Now, what if your employer doesn’t have any type of retirement plan? Millions of people are in this situation, millions. If that’s you, first step is to get started with a Roth IRA. You can do that in less than 10 minutes. I’ve got a guide on the website showing you how to do that. IRA contribution limits, and this is traditional or a Roth IRA, for 2016 the limit is $5,500. Total contribution between a traditional and a Roth, you can’t do both, it’s $5,500 total. If you’re age 50 or older they let you throw in an extra $1,000, so it’s $6,500.
If you’re self employed your alternative is to open up a Simplified Employee Pension, it’s called a SEP S-E-P, or you can do a solo 401(k). Paperwork for either is very simple, straight-forward. You can do them at low cost brokers at no cost. Both of those plans, the SEP and the solo 401(k), they’re like traditional IRAs and employer sponsored 401(k)s in that the money you put in now, they’re going to reduce your current year’s taxes, so they’re done with pre-tax dollars. You pay the tax when you start pulling them out in retirement. Total contributions, same as if you were employed by someone else: $53,000 a year between employee and employer match, or $59,000 if you’re playing catch up.
Hey, if you can’t start saving money now or you don’t have that capability because of your current situation, it’s not the end of the world. If you’re in your 40s or 50s, you got a long time to go. You’ve got a long time to go. A long life expectancy most likely, depending on your family history. How should you allocate your contributions if you are playing catch up? Remember, if you’re not in something like a target date fund where they’re doing the allocation for you, you’ve got to figure our what you want to invest in. Where’s your money going to go? You have to consider your risk tolerance and your time horizon. If you’re retiring tomorrow that’s a big difference than if you’re not retiring for 20 years, or you’re going to work for another 10 years. There’s some things that you want to look at.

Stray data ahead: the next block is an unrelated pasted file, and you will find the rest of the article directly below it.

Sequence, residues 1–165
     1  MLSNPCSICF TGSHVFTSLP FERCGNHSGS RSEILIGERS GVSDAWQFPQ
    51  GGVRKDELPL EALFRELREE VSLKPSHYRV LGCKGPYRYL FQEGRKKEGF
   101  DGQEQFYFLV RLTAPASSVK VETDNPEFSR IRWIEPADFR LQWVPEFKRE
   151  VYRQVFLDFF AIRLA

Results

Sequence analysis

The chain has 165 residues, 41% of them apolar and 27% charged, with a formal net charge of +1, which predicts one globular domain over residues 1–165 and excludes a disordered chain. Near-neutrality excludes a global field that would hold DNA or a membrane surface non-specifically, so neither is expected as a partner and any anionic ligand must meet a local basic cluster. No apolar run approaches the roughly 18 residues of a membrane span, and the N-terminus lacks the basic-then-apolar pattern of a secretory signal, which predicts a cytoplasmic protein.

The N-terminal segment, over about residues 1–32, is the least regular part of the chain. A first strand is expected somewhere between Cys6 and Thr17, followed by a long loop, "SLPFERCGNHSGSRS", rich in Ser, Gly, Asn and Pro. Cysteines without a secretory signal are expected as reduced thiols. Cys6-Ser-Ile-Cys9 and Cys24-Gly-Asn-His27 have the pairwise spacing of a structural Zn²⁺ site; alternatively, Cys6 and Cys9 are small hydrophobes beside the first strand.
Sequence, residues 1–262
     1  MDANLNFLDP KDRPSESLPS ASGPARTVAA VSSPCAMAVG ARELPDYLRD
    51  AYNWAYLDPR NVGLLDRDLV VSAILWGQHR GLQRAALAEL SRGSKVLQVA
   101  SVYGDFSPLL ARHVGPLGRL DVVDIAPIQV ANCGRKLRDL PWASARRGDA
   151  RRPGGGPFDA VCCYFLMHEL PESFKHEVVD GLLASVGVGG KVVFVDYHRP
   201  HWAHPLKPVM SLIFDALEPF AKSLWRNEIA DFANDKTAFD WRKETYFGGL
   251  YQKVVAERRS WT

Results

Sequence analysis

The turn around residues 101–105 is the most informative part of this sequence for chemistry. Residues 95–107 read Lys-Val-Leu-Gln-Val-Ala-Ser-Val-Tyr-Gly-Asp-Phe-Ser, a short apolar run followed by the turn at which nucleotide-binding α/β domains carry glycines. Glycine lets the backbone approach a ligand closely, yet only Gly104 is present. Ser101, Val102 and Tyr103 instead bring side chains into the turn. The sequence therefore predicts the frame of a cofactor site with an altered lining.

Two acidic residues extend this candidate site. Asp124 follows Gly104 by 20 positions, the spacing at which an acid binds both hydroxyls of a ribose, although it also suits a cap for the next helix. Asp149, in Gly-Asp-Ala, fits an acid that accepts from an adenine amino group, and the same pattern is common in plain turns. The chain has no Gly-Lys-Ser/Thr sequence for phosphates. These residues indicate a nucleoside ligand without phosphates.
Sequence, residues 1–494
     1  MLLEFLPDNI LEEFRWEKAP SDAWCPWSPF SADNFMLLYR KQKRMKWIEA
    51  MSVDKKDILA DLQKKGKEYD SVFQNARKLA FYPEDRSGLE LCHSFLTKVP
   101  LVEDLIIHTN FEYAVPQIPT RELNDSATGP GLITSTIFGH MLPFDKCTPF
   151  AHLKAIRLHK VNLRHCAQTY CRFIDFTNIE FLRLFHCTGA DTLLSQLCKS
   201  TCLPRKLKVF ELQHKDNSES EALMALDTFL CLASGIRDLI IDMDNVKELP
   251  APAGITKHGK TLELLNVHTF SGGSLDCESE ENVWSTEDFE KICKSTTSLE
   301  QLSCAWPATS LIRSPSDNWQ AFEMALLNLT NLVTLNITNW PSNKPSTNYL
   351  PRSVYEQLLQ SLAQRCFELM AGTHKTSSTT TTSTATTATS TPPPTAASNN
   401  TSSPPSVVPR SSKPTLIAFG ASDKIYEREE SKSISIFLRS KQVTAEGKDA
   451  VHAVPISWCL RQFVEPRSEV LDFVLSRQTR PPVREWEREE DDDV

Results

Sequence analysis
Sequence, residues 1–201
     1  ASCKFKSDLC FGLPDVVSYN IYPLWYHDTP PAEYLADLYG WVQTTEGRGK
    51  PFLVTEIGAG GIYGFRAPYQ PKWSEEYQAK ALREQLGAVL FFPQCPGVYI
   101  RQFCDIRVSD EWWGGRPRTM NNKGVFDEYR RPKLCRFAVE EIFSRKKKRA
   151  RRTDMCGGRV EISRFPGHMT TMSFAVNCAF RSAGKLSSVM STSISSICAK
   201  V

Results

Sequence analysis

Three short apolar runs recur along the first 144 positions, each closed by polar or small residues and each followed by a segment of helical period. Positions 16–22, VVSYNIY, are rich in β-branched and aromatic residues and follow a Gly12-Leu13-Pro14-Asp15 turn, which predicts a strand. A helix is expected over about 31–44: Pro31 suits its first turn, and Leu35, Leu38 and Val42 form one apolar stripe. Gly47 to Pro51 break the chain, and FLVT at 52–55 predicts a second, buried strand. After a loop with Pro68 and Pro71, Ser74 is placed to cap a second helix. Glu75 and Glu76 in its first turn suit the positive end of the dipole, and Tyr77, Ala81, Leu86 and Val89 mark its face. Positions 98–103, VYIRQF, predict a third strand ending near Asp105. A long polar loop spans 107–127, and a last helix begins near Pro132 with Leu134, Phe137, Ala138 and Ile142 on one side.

First is, how are you dividing your investments up? That should match your time frame. If you’re 10 or more years out, want to be a little bit more aggressive, a little bit more in higher risk investments. Which means more stocks, fewer bonds. Stocks have higher risk but they also have higher return, and the potential to grow your money more. As you get closer to retirement date your investments should be allocated more conservatively. More cash, more bonds, less in stocks because cash and bonds are less risky. I can’t give you exact percentages because everyone’s situation is different. That’s why you want to sit down for a couple hours with a fee holding certified financial planner. That’s what I would recommend. It’s important, they can look at your entire investment scenario and your retirement goals.